Learning for community, work and life

20 December 2013

The wide variety and scope of NIACE’s work is done with the ultimate goal of ensuring people have the opportunities to participate in learning to help them secure work, stay and flourish in their jobs; keep healthy and play a positive role in their communities and support their children and live fulfilling lives. This is even more important in the changing and challenging times we live in.

As an independent organisation NIACE has a unique position in the adult learning and skills landscape to represent the entire sector with no particular bias.

Working with a range of stakeholders, NIACE develops knowledge and understanding of adult learning in order to support and encourage:

  • Better practice through the development and sharing of best practice in the engagement and support of learners and the delivery of learning.
  • Better policy through improving the development and implementation of policies and by promoting awareness of the public value of adult learning.
  • The promotion of learning to individuals, employers and policy-makers through our campaigns and outreach work.

This work enables NIACE to perform a wide range of strategic and influential roles. For instance, we develop, manage and chair forums where an independent voice is essential. This includes the Young Adult Carers Forum, which was set up following a high-profile seminar chaired by HRH the Princess Royal and where a number of  government departments and sector leaders came together to address the priority issues for these young people.

We have performed a similar role with the National Older Learners Group, which we manage and co-ordinate by bringing together those working at a national level on research, policy and practice for offender learning, and acting as a conduit to the delivery of information back to government.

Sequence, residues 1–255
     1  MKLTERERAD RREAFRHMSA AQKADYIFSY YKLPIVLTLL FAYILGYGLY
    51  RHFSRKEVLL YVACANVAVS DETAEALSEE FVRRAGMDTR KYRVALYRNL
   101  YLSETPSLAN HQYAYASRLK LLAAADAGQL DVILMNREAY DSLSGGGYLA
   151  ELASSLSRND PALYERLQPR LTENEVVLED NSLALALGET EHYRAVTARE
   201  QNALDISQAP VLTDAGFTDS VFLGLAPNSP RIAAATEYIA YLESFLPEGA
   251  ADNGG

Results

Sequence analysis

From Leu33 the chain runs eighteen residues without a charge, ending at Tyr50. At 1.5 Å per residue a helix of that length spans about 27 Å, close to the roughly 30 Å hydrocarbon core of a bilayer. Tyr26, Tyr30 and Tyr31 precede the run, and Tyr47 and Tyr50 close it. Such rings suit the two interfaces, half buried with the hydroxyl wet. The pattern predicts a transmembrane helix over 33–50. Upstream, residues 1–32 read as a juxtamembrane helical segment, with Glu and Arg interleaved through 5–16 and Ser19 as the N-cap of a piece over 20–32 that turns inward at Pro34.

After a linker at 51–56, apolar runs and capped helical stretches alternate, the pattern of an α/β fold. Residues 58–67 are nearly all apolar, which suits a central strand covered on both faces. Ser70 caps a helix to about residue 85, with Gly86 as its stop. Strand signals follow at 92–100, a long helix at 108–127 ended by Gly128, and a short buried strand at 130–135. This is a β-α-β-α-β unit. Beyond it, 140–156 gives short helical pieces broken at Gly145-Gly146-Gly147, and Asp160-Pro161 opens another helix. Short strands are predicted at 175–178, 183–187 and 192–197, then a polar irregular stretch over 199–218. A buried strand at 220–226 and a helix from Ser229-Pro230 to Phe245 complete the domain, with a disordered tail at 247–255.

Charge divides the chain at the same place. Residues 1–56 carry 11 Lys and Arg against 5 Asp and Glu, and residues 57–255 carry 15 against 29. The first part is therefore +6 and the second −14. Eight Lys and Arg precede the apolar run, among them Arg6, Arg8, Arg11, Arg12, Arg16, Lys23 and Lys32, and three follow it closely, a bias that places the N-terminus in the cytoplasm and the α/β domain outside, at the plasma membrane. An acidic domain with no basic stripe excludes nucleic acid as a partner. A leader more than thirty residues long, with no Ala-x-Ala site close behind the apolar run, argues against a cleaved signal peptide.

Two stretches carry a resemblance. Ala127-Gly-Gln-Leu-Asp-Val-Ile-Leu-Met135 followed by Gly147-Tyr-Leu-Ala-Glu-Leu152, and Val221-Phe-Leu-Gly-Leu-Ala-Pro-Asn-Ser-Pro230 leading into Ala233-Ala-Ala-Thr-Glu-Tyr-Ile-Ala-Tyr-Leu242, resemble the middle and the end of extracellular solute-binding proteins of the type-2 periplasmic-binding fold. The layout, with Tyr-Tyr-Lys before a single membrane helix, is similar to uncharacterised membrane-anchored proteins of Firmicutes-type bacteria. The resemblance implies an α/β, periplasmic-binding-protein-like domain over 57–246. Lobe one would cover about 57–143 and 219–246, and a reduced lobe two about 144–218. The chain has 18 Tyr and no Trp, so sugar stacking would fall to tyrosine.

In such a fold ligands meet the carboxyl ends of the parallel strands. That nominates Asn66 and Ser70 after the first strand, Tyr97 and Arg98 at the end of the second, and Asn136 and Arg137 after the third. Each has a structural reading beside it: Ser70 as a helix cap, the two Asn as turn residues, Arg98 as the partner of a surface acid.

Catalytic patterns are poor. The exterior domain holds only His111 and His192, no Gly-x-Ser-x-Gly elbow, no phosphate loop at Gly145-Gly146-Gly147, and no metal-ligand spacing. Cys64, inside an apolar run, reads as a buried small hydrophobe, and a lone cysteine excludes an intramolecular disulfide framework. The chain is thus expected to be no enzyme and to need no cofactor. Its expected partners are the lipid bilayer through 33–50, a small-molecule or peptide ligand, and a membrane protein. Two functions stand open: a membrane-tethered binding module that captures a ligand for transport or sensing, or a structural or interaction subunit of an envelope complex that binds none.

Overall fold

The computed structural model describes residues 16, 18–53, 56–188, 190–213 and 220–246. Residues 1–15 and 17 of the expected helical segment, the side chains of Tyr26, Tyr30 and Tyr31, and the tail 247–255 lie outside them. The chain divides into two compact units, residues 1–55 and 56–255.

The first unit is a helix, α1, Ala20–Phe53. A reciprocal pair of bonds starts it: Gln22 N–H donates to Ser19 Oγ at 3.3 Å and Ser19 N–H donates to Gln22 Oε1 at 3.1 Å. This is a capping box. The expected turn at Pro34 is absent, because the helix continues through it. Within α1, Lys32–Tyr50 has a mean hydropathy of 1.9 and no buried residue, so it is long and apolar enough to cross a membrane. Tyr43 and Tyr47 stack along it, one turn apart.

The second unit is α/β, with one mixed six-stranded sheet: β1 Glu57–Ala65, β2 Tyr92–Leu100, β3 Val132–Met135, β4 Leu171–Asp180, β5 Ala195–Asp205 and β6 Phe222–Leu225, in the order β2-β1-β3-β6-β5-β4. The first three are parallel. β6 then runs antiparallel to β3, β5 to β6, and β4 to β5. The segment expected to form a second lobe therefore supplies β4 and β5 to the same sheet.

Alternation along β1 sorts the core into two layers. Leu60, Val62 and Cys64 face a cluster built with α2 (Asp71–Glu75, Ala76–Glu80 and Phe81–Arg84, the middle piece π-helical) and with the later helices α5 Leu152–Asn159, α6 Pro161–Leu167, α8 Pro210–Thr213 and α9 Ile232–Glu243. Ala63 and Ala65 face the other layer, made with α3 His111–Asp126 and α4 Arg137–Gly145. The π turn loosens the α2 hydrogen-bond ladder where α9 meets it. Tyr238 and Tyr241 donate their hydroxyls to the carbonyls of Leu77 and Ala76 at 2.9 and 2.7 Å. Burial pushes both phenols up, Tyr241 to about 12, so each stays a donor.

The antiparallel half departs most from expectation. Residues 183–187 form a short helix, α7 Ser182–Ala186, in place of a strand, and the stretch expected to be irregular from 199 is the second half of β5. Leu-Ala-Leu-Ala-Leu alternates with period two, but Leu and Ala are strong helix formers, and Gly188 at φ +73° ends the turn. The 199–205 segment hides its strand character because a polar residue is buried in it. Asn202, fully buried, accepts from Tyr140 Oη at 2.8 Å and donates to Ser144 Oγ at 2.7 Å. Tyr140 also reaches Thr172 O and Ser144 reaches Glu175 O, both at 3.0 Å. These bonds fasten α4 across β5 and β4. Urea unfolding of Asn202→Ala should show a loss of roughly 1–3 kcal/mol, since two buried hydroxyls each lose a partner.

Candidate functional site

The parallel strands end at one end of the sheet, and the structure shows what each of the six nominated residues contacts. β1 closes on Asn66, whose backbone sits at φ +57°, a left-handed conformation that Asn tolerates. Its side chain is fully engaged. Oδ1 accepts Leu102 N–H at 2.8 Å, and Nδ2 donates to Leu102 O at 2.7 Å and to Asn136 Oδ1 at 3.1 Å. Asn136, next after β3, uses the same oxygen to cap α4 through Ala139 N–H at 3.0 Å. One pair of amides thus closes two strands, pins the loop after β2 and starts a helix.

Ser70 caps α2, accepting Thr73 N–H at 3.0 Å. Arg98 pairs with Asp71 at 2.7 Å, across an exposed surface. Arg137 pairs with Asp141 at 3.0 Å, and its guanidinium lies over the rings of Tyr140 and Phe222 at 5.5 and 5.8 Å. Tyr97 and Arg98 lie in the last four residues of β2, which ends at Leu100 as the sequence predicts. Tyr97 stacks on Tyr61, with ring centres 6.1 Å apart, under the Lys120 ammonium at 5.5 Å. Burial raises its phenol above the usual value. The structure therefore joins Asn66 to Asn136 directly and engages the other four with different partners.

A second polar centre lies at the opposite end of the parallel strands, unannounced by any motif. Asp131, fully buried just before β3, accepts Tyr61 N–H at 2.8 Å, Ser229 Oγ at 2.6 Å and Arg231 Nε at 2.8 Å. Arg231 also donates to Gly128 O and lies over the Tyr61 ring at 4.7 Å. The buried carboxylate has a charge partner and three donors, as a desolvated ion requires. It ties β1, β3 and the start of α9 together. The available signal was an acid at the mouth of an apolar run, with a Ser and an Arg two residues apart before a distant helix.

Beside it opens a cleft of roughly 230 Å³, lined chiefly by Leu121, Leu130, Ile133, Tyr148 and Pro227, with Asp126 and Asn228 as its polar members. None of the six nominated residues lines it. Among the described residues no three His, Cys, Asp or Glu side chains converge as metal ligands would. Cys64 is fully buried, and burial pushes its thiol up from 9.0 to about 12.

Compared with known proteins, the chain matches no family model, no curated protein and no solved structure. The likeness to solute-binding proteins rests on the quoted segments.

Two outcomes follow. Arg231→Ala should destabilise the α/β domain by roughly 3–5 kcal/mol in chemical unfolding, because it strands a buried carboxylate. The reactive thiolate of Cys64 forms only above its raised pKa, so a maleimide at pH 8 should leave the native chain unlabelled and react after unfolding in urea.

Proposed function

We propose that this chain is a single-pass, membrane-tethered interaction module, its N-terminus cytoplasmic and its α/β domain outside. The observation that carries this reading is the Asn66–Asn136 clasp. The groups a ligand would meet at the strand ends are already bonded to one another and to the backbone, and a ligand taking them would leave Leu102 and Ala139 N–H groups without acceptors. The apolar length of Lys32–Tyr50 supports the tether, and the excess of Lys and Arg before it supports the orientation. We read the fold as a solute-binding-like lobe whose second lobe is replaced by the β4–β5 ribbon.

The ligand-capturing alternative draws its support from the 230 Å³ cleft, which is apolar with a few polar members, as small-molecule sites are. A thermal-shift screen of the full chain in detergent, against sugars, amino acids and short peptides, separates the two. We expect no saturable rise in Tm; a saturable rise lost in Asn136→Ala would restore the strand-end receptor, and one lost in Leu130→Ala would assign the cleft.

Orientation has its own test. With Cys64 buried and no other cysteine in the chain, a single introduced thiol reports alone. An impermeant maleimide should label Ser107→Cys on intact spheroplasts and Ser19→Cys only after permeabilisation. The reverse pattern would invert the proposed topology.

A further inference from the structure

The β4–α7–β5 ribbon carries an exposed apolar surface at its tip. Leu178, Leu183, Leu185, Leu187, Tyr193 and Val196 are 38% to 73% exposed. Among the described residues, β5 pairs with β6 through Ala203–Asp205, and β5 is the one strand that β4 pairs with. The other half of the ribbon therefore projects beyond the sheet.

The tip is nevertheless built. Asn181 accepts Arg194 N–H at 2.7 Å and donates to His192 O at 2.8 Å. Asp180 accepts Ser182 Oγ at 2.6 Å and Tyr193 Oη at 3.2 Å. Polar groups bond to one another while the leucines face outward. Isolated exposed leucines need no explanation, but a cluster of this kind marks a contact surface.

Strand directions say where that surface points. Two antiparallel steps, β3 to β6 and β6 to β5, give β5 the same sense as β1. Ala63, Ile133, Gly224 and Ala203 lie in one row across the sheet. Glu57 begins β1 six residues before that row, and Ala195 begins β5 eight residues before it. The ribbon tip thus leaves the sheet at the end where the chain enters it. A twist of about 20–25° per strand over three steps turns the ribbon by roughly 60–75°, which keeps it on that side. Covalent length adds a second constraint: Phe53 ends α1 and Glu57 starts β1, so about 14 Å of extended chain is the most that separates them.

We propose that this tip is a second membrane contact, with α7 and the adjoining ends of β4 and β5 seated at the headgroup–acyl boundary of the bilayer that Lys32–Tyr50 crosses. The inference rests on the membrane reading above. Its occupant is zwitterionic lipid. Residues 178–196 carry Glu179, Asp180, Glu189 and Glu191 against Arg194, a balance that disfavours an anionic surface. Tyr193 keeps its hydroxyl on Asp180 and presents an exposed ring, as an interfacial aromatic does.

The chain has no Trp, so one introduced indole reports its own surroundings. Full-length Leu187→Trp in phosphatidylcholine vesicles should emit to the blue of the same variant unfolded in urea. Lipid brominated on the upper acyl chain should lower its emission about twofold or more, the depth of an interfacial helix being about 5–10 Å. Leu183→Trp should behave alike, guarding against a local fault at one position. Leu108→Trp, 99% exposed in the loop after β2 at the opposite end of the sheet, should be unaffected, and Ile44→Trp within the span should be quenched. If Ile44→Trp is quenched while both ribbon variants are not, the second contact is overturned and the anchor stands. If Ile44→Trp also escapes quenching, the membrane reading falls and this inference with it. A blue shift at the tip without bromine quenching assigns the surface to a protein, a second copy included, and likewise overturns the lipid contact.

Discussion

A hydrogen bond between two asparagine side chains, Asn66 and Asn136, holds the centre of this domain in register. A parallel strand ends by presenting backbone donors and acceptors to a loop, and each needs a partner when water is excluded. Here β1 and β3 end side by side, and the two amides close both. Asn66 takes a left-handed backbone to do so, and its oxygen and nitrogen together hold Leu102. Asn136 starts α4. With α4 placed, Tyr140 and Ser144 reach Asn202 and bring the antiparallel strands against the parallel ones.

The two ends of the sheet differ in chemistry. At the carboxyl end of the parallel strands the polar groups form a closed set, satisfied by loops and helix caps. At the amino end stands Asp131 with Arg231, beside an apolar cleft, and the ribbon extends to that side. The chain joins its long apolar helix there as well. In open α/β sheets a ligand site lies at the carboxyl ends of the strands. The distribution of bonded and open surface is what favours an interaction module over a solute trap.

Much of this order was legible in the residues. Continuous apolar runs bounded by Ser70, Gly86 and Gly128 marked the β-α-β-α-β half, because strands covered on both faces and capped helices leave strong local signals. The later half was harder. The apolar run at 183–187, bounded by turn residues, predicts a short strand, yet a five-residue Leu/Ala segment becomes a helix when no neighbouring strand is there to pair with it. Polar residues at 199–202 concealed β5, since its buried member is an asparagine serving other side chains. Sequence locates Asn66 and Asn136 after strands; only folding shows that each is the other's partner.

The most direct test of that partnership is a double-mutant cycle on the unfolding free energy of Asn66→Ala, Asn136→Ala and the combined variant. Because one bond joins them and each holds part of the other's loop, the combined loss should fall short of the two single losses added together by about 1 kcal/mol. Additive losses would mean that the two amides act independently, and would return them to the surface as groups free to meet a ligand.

Our unique position is further exemplified by our role in leading the Maths4Us initiative. This has involved working in partnership with more than 20 national organisations and utilising their individual expertise and specialisms to co-ordinate strategic action on adult maths through a range of high-profile and covert activities. The most high-profile of these activities during 2013 was the highly successful launch of the new maths app – Maths Everywhere.

Alongside the development of these new partnerships we have extended our influence in new areas for the organisation; for example, our strategic priority on learning in and for the workplace. We have been particularly vocal in our concerns about Advanced Learning Loans for Apprenticeships for people aged 24 and over, and we are pleased to hear confirmation that the Government is now ‘dropping’ this policy.

The Chief Executive of NIACE, David Hughes, said:

“Our research clearly shows that learning benefits not only individuals, but also the economy and society as a whole. Those who participate in learning are likely to be healthier, happier and better paid than those who do not. Unfortunately, participation and achievement in learning is too much influenced by class, age, employment status and prior learning and attainment. We know that when and where these inequalities are addressed, adults are empowered and inspired to take control of their lives. There is no better example of this than the inspirational stories of our Adult Learners’ Week award winners.

“The reality today for too many adults is that opportunities and support to learn are disappearing as funding is focused more and more on younger adults and those seeking work for the first time.  If we want to see a sustained economic recovery, vibrant and cohesive communities and adults inspiring the next generation to see learning as their way to a happier and more fulfilling future, decision-makers need to ensure that learning for adults, throughout their lives,  is at the heart of future policy.

“Our work will continue to grow ever more challenging as the pots of money for learning throughout life dwindle. We hope that you will be inspired to work with us to influence policy, advance practice and promote learning to ensure that adults in every corner of England and Wales have those fundamental opportunities to change their lives for the better.”